Building an Energy-Efficient House
By Joyanna Laughlin, Originally Published in Houseplans.com
A solar home in the Armory Park del Sol development in Tucson, Arizona.
Tips for Building an Energy-Efficient Home
Don’t wait until you’re shopping for appliances to think about energy efficiency—make it a priority from the start.
To build your energy-efficient, dream green home, you need to know where to begin.
David Johnston, president of the Boulder, Colorado-based green building/sustainable development consulting firm What’s Working, recommends beginning with the orientation of your home on the land. “Orientation and south facing windows can determine as much as half the cost of heating a home,” Johnston says. “Once the house is sited, framed and insulated, it is hard—or expensive—to go back.”
Orientation (an aspect of passive solar design) is determined by sun angles and includes sizing south facing windows in accordance with the size of the home. Optimal sun angles are southeast on winter mornings and southwest on winter afternoons. “Breakfast nooks and kitchens are best facing the warm southeast summer sun,” Johnston says. Living areas on the south side are cheerful in the daytime, and bedrooms on the north side can buffer the house from winter cold.
Take Advantage of Thermal Mass
Another principle of passive solar design that makes houses more energy efficient is thermal mass storage in which masonry walls and thick tile or cement floors illuminated by sunlight during the day store that heat and release it into the house at night. Tucson, Arizona-based green builder and solar pioneer John Wesley Miller employs this concept to build highly energy-efficient solar homes in the Armory Park del Sol community of southeast Tucson, which includes one of the first zero-energy homes in the country.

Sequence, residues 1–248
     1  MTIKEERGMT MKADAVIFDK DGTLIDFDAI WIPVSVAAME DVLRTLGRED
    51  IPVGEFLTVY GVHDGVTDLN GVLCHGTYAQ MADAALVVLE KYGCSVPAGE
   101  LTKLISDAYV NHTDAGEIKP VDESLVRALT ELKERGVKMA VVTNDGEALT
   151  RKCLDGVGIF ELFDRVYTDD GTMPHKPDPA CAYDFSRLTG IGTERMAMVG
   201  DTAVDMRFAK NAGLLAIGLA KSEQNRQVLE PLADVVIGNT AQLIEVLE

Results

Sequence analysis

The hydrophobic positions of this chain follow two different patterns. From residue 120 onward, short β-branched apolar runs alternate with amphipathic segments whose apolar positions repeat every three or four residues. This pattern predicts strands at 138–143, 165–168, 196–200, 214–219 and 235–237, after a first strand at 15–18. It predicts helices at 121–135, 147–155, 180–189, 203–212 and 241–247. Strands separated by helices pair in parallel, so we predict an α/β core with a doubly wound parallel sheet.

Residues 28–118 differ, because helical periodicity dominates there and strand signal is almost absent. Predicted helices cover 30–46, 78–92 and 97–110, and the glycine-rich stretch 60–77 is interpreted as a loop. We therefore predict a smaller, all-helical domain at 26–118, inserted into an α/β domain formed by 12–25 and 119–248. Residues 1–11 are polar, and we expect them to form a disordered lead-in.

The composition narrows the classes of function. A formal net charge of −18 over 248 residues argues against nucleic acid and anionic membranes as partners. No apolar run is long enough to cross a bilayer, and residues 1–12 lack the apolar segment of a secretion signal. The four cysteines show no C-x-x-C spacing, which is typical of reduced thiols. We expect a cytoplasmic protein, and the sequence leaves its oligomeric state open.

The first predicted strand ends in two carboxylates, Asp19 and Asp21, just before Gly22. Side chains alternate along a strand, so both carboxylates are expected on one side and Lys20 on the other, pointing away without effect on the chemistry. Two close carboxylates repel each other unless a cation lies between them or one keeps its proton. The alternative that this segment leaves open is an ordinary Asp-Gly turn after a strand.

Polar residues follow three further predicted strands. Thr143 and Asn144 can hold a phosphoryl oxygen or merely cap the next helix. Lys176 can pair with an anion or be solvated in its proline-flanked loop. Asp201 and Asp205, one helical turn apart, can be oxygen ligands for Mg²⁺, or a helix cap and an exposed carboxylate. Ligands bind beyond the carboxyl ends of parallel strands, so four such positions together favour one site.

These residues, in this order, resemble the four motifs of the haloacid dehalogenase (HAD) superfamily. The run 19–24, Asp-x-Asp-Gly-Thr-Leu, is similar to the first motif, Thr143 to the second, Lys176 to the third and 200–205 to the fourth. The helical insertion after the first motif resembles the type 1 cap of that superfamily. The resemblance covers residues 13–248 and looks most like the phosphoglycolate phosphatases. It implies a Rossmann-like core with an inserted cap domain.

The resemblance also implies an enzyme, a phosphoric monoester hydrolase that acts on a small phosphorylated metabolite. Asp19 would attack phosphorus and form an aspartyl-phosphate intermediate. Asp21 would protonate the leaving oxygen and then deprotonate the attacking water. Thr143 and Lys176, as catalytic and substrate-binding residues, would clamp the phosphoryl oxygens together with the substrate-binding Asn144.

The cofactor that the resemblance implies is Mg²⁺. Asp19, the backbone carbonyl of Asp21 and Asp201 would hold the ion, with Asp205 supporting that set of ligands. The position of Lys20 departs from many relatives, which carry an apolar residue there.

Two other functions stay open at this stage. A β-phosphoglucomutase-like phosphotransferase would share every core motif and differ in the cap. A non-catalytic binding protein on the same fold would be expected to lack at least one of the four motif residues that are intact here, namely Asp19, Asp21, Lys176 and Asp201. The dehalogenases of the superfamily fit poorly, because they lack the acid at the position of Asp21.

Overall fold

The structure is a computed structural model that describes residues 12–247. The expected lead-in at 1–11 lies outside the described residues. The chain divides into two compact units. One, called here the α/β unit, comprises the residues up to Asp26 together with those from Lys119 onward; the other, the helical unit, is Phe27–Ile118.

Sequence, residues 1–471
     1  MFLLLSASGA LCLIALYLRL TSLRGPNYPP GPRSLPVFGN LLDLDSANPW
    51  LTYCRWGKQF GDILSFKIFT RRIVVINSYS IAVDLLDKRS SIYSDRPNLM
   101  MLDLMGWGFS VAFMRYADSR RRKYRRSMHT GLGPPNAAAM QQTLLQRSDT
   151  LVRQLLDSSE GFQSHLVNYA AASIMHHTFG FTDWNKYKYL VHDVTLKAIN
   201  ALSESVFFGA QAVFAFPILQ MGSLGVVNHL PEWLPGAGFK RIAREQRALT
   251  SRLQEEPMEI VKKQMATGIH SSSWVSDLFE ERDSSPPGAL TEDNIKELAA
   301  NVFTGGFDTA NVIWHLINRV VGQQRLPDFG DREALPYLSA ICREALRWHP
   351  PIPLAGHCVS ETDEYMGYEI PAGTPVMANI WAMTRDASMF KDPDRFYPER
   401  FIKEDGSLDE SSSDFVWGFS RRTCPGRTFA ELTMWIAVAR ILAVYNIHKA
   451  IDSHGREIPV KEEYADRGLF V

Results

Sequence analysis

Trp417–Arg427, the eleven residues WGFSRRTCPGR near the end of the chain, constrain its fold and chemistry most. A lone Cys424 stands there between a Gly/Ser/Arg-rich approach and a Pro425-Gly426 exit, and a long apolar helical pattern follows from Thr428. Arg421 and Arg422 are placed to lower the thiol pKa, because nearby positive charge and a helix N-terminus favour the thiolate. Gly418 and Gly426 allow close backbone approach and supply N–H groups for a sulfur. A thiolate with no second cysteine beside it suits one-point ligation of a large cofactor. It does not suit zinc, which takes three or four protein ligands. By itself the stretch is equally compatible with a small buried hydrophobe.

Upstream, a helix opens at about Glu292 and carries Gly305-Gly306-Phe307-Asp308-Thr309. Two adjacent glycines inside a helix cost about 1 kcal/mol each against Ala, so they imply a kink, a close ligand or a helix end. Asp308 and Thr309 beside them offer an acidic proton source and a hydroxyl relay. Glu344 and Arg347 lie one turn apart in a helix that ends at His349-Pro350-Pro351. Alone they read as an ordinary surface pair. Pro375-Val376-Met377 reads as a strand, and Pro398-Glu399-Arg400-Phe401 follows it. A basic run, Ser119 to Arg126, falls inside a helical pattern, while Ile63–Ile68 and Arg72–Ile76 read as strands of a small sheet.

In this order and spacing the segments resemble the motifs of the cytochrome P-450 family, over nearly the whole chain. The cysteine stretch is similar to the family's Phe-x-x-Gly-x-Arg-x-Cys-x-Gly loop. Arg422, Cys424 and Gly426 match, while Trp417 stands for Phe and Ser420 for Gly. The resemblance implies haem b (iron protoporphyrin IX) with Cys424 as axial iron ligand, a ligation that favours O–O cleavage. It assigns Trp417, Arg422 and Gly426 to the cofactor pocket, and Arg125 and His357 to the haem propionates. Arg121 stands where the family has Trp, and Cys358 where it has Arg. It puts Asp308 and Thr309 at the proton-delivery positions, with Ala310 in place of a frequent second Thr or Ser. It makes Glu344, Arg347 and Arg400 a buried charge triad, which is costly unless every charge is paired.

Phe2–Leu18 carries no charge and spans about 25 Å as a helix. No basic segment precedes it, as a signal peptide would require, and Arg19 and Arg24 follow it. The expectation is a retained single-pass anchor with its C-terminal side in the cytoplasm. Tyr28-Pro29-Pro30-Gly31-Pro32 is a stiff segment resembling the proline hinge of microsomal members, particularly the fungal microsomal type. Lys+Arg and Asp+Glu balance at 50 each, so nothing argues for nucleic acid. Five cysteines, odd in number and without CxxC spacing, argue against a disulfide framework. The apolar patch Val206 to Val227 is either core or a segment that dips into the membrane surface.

While Miller’s territorial, Mission Revival, and bungalow-style homes blend into this turn-of-the century, revitalized inner-city neighborhood, the houses also feature state-of-the-art solar systems and 8-inch-thick, concrete-filled exterior block walls wrapped in rigid foil-faced polyisocyanurate (a thermoset plastic) board covered with stucco. “What makes solar work better is minimizing your need for it in the first place,” Miller says. The more energy efficient your house is (by utilizing principles like thermal mass storage), the less energy you have to use (from PV or the grid) to heat and cool it.
Insulate, Insulate, Insulate
According to Johnston, insulation is the second most important decision you have to make. It determines the type of framing used, the wall thickness, and many of the trim options around your windows and doors. He suggests including 50 percent more insulation than local code requires. “Builders will try to talk you out of going above code,” he says. “Don’t listen to them. Insulation is the best investment you can make, and it will yield a higher return every year you live in your home than most other investments.”